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Classical Interviews: Horace

Ancient World

Classical Interviews: Horace

“Horace reads before Maecenas”, by Fyodor Bronnikov

 

By André Bastos Gurgel, OAB

I first got the idea for these made-up interviews from the novel Gog by the Italian writer Giovanni Papini, though his “interviews” were with people a bit more contemporary. Today I will be interviewing one of the greatest poets not only of Rome but also of all time, in my humble opinion.

 

Q. Ave, Horace. Thanks so much for having me. It’s a great pleasure interviewing such a great poet. Can you tell us a little bit about your poems?
A. Well, it’s no exaggeration to say that poetry is my life. At some level, I believe that every man has the potential to become a great poet, and I think mankind would be much happier if we all got more in contact with our inner selves and wrote poetry. I am sick and tired of all of Rome’s, but I still have great hopes for the empire. I think Augustus has the potential to be a great leader. After all the wars that happened in the republican period, I’ve come up with a motto, facite amorem, non bellum, which I mention in one of my favorite pieces. I wonder if people in your time still remember this motto.

Q. Oh yes, there are certainly at least a few people in my era who feel the same way. But moving on, I was wondering what your favorite poem of yours was?
A. I am very fond of Carmen IX, from my book of odes. That’s where another of my life mottoes, carpe diem, appears. I think every man should adopt the philosophy summarized in this short phrase because life is so ephemeral. Some people criticize my philosophical views, but I remain extremely skeptical about the concept of an afterlife. I disagree with Cicero’s work “De anima”. Perhaps the gods didn’t mean for us to go anywhere after death, which is why we should enjoy life while we can. I’m not saying there isn’t an afterlife, but I’m also not saying there is one either. As I like to say, de omnibus dubitandum est!

Q. Is there any other poet you particularly admire?
A. I think Catullus is a promising writer. I admire the style of his poems, especially the ones dedicated to Lesbia. Still, I’ve told him many times that I don’t think he’s “seizing the day” vigorously enough. His love for Lesbia will clearly forever be platonic, and he should really just forget about it. I keep telling him there are plenty of fish in the sea and that he’ll eventually find a muse who reciprocates his love. Apart from Catullus, I’m extremely fond of Pindar and, of course, I am a great admirer of Homer’s style. It’s a shame I can’t write epic poetry! I tried once, but my friend Maecenas told me to stick to odes and satires!

Q. Speaking of Catullus, do you have any idea what the real identity of Lesbia is?
A. Yes I do, but that’s a secret I’ll take to the grave. Understand, mi amice, she’s a prominent woman who’s married to a powerful man. She and Catullus would be in deep trouble if her identity were ever revealed. I realize posterity would give much for this information, but I must remain loyal to my friend. So put that money back in your pocket! Friendship is worth more than all your sestertii. As Cicero likes to say, vere amicitiae sempiternae sunt!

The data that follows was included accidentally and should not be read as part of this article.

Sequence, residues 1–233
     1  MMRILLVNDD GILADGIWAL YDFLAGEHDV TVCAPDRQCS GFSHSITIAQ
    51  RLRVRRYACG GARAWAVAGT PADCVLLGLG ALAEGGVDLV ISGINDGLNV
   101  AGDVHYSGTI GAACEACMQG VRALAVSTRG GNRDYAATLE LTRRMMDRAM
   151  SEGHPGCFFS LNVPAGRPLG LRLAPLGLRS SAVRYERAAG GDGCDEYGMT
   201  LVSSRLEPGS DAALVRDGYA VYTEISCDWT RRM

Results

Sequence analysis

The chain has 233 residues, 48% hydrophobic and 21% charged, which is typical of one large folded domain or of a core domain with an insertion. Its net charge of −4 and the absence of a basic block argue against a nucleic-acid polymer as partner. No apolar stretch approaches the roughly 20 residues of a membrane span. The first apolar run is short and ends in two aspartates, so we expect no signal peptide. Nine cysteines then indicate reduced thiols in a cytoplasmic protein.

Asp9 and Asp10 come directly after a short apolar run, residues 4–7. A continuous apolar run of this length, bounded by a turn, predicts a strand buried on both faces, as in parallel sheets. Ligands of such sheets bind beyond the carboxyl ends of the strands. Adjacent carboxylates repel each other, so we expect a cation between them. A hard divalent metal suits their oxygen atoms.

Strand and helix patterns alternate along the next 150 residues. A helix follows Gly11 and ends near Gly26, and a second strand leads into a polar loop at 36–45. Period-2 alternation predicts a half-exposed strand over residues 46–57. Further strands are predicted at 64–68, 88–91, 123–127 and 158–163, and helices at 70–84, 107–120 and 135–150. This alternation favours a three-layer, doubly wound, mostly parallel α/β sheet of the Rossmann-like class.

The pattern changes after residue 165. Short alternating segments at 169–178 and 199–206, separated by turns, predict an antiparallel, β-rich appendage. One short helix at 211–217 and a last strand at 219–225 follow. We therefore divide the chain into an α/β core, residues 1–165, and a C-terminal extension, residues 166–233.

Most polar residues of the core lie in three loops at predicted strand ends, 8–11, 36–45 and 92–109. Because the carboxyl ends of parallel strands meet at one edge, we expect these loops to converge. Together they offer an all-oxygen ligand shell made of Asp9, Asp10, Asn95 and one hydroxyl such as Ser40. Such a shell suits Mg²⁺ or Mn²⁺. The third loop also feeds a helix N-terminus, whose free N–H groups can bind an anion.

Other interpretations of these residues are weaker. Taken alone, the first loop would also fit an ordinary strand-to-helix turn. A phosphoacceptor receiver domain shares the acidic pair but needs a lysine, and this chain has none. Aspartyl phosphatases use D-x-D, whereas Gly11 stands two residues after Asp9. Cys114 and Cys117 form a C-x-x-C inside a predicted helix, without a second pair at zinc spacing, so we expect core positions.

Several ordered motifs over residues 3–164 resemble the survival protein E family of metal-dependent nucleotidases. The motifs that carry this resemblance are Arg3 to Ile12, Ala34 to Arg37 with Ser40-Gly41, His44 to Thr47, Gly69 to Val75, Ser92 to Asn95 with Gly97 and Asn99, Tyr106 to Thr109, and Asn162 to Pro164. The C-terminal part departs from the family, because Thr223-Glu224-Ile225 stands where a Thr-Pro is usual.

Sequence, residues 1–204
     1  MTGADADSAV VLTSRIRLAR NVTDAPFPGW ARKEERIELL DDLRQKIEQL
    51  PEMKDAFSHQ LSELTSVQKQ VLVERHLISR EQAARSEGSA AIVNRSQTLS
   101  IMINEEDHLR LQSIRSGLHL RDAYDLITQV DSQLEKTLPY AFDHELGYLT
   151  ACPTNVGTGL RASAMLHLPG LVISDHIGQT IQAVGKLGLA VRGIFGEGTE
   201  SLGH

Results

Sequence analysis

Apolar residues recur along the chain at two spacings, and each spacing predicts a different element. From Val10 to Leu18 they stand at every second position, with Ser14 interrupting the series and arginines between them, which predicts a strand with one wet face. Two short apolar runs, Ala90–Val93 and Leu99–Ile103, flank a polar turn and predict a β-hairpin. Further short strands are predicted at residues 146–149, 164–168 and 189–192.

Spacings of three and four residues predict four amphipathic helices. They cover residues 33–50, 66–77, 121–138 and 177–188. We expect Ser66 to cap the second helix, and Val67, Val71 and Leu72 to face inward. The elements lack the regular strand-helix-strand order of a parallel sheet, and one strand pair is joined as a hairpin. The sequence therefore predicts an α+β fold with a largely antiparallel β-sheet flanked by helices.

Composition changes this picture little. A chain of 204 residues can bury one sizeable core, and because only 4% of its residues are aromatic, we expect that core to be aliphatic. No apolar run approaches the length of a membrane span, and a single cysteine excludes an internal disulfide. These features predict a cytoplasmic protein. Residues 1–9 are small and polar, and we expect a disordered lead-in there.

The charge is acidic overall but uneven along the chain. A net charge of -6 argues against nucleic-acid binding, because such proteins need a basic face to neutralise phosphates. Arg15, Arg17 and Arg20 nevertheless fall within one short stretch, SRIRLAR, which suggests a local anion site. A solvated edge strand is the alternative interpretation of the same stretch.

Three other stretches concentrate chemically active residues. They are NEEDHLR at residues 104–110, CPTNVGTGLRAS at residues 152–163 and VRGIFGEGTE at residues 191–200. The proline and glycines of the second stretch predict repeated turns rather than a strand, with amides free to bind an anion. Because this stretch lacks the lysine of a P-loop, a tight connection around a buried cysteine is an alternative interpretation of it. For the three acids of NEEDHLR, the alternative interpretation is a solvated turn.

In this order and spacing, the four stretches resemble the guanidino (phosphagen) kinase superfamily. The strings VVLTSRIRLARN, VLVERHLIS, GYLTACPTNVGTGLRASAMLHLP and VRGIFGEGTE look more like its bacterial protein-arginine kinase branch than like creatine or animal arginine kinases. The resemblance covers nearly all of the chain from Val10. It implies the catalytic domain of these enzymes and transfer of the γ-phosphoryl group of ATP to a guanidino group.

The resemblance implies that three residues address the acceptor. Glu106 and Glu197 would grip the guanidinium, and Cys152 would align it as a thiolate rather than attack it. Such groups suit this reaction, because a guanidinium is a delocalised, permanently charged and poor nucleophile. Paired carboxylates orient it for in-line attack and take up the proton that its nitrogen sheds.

Q. Mea culpa, amice! Please forget my rudeness, and let’s get on with the interview. What are your plans for the future? Can you tell us anything about your new poems?
A. I’m in desperate need of a break. My good friend Maecenas has invited me to spend some time at his villa in the country. As you probably know, fuge urbem is another of my favorite mottos! Living in a big city like Rome kills one’s inspiration. I need to be reenergized. And when I get back, I hope to publish a book of satires!

Q. What message would you like to leave for people in the future?
A. I hope people will appreciate the power of poetry for expessing one’s feelings. As I said earlier, I think the world would be a far better place if we all became poets (good ones, of course!). I also hope people will remember my mottos carpe diem, fuge urbem and, last but not least, fac amorem, non bellum!

Conclusion

At the end of the interview, Horace suggested I flee the city and come along with him to Maecenas’ villa. I accepted his invitation with pleasure, and I’m having a great time here in the country. Catullus will be visiting us tomorrow so he can read us his new piece, and Cicero will be coming by to demonstrate his oratory skills. What a bunch!
I’m enjoying a little but of leisure, but don’t worry, folks—I’ll be back with another interview next week. Fortunately, the wifi connection at Maecenas’ villa is excellent!

 
ABOUT THE AUTHOR
André Bastos Gurgel
André Bastos Gurgel, OAB (Order of Attorneys of Brazil), Academic Advisor for the Carmenta Online Latin School, is a life-long student of both modern and ancient languages. Mr. Gurgel is fluent in English, Portuguese, Mandarin, Spanish, French, Italian, German, and Latin (the last of which he learned with Carmenta) and has a working knowledge of Danish, Hebrew, Ancient Greek, and Sanskrit. Mr. Gurgel is currently studying Old English through Carmenta as well.

Click here to read Mr. Gurgel’s full profile.

 

 

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